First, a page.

The majority of the operations assigned to Delta are classified and may never be known to the public. However, details of some operations have become public knowledge. For service during Operation Urgent Fury, Delta was awarded the Joint Meritorious Unit Award. The unit was awarded the Valorous Unit Award for extraordinary heroism during the Modelo Prison Hostage Rescue Mission and the capture of Manuel Noriega in December 1989 during Operation Just Cause in Panama. During Operation Iraqi Freedom and Operation Enduring Freedom, the 1st SFOD-D was awarded the Presidential Unit Citation for combat operations in Afghanistan from 4 October 2001 to 15 March 2002 and Iraq from 19 March 2003 to 13 December 2003.
- Haney, Eric L. (2002). Inside Delta Force. New York: Delacorte Press. p. 325. ISBN 978-0-385-33603-1.
- Naylor, Sean. Relentless Strike. Chapter 4.
- Cawthorne, Nigel, The Mammoth Book of Inside the Elite Forces, Robinson, 2008 ISBN 1845298217, 978-1845298210, p. 97
- SAS joins Kashmir hunt for bin Laden, The Daily Telegraph, 23 February 2002
- "US-Iraqi rescue operation 'foils IS mass execution'". BBC News. 22 October 2015.
- Jack Murphy (2016-01-11). "JSOC's Secretive Delta Force Operators on the Ground for El Chapo Capture". SOFREP News. Retrieved 2016-03-18.
- "Special Operations/Delta Force". military.com. Retrieved 3 March 2018.
- "5 key differences between Delta Force and SEAL Team 6". www.wearethemighty.com. Retrieved 25 June 2018.
- Beckwith, Charlie (2000) . Delta Force: The Army's Elite Counterterrorist Unit (Paperback ed.). Avon Books. p. 39. ISBN 978-0-380-80939-4.
- Beckwith 2000
- Beckwith 2000, pp. 142–43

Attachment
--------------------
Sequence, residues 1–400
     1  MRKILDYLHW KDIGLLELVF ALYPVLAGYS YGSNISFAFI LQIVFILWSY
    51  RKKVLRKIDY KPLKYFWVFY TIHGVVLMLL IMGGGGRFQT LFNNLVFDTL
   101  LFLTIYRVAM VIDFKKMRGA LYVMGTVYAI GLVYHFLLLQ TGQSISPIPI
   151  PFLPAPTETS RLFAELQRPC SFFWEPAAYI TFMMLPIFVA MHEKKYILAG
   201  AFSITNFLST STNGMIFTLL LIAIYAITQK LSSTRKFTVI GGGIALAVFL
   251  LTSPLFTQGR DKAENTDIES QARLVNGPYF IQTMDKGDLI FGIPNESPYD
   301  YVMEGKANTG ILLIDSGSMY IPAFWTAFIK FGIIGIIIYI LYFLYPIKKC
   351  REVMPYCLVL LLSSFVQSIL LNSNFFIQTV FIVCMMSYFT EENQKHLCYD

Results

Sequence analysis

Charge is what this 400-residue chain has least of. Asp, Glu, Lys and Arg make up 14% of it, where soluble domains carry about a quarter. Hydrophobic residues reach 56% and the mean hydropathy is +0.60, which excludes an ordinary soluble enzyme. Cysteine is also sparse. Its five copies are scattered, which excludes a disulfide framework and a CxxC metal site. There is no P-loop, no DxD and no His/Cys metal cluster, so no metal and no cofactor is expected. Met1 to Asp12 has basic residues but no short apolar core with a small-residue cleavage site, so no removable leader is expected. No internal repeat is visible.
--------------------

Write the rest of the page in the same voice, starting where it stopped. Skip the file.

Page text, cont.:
- Goolsby, Denise (14 July 2016). "Palm Springs man was Army Delta Force co-creator". The Desert Sun. Palm Springs, Cal.
- Beckwith 2000, p. 131
- Gabriel, Richard A. (1985). Military Incompetence: Why the American Military Doesn't Win. Hill and Wang. pp. 106–16. ISBN 978-0-374-52137-0. Overall, the Holloway Commission blamed the ad hoc nature of the task force and an excessive degree of security, both of which intensified command-and-control problems.
- Naylor, Sean (2006). Not a Good Day to Die: The Untold Story of Operation Anaconda. Berkeley: Berkley Books. ISBN 978-0-425-19609-0.
- Naylor, Sean (2015). Relentless Strike: The Secret History of Joint Special Operations Command. St. Martin's Press. p. 57. ISBN 9781466876224.
- Naylor, Sean (2015). Relentless Strike: The Secret History of Joint Special Operations Command. St. Martin's Press. p. 454. ISBN 9781466876224.
- "News Briefs". 10 February 2011.. Fort Campbell, Kentucky: Fort Campbell Courier (publication). Retrieved 3 July 2018.
- Mountaineer. SFOD-D seeking new members Archived 17 January 2004 at the Wayback Machine.. Fort Carson, Colorado: Mountaineer (publication). 16 January 2003.